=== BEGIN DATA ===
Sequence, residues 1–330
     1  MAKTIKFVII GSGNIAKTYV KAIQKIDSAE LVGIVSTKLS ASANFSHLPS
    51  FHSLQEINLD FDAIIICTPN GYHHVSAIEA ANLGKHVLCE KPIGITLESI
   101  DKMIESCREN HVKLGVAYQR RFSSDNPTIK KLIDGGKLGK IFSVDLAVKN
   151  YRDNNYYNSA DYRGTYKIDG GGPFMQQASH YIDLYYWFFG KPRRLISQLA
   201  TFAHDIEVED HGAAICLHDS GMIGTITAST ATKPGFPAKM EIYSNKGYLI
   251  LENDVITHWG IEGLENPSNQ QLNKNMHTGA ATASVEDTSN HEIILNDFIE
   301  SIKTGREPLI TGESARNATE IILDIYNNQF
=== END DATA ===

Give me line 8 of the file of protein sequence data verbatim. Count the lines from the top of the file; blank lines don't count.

   301  SIKTGREPLI TGESARNATE IILDIYNNQF